• This can be complemented by a variety of additional measures, such as under the de minimis Regulation and the General Block Exemption Regulation, which can also be put in place by Member States immediately, without involvement of the Commission.

In case of particularly severe economic situations, such as the one currently faced by all Member States due the coronavirus outbreak, EU State aid rules allow Member States to grant support to remedy a serious disturbance to their economy. This is foreseen by Article 107(3)(b) TFEU of the Treaty on the Functioning of the European Union.

Marco Finelli reporting from Italy.

Alitalia flies home the Italian football team from London as the winner of Euro 2020

This morning, Alitalia Airbus A319-112 EI-IMC flew home the Italian football team for the UEFA Euro 2020 championship (played in 2021). Italy defeated England for the championship.

Alitalia flight AZ9001 took off from Luton Airport at 3:02 am and landed at Rome’s Fiumicino Airport at 6:03 am.

Photo: Alitalia. The cup is pictured in the middle seat 1E. Coach Roberto Mancini is in seat 1D, and team manager Gabriele Oriali in seat 1F.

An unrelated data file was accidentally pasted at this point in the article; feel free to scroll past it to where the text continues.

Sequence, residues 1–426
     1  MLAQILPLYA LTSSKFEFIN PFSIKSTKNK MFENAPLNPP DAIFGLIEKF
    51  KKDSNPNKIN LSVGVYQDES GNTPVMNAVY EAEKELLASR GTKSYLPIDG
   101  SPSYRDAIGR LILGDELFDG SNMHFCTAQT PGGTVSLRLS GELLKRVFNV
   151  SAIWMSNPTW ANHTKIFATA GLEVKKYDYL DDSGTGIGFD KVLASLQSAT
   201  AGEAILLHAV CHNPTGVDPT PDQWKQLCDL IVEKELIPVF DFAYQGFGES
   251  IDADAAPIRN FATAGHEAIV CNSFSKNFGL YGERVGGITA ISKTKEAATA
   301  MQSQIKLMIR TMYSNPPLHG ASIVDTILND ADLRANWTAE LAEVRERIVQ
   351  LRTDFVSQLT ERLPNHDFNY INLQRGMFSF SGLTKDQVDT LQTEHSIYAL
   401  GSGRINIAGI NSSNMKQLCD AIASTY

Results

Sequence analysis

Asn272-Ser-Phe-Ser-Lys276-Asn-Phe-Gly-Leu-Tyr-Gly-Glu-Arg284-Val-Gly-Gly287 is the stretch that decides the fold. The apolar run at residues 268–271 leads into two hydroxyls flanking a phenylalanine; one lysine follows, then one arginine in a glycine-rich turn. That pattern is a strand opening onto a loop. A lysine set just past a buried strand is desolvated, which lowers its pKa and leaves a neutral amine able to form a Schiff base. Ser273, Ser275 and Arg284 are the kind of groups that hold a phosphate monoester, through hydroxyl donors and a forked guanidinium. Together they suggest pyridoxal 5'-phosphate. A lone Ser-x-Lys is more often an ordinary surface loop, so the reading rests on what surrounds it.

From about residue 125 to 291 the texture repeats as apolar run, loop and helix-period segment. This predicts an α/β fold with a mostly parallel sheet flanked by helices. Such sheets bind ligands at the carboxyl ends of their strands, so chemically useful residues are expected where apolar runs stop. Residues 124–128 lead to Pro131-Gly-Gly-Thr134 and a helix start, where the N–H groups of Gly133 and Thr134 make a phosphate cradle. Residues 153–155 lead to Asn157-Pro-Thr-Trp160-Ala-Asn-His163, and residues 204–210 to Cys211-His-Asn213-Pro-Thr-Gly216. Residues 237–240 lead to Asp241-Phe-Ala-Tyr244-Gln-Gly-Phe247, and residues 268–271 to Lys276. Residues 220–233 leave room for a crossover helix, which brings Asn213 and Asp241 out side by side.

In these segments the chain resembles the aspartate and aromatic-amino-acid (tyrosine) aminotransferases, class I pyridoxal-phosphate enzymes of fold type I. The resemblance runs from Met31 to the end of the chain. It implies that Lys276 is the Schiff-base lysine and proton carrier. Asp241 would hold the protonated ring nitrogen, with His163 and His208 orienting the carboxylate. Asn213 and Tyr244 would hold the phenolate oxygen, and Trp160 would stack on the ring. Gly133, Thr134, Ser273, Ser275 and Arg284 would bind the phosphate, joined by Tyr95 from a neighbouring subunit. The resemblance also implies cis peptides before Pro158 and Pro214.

Marco Finelli reporting from Italy.

European Commission approves €39.7 million of Italian aid measure to compensate Alitalia for further damages suffered due to coronavirus outbreak

Alitalia (3rd) (Societa Aerea Italiana) Boeing 777-3Q8 ER EI-WLA (msn 35783) JFK (Robbie Shaw). Image: 948356.

The European Commission has approved the Italian government aid package for Alitalia:

The European Commission has found that an Italian aid measure of €39.7 million to support Alitalia is in line with EU State aid rules. This measure aims at compensating the airline for the damages suffered on certain routes due to the coronavirus outbreak during the period between 1 March and 30 April 2021.

Alitalia is a major network airline operating in Italy. With a fleet of over 95 planes. In 2019, the company served hundreds of destinations all over the world, carrying about 20 million passengers from its main hub in Rome and other Italian airports to various international destinations.

The restrictions put in place in Italy and other countries to limit the spread of a second and third wave of the coronavirus pandemic have heavily affected Alitalia’s operations. As a result, Alitalia incurred significant operating losses until at least 30 April 2021.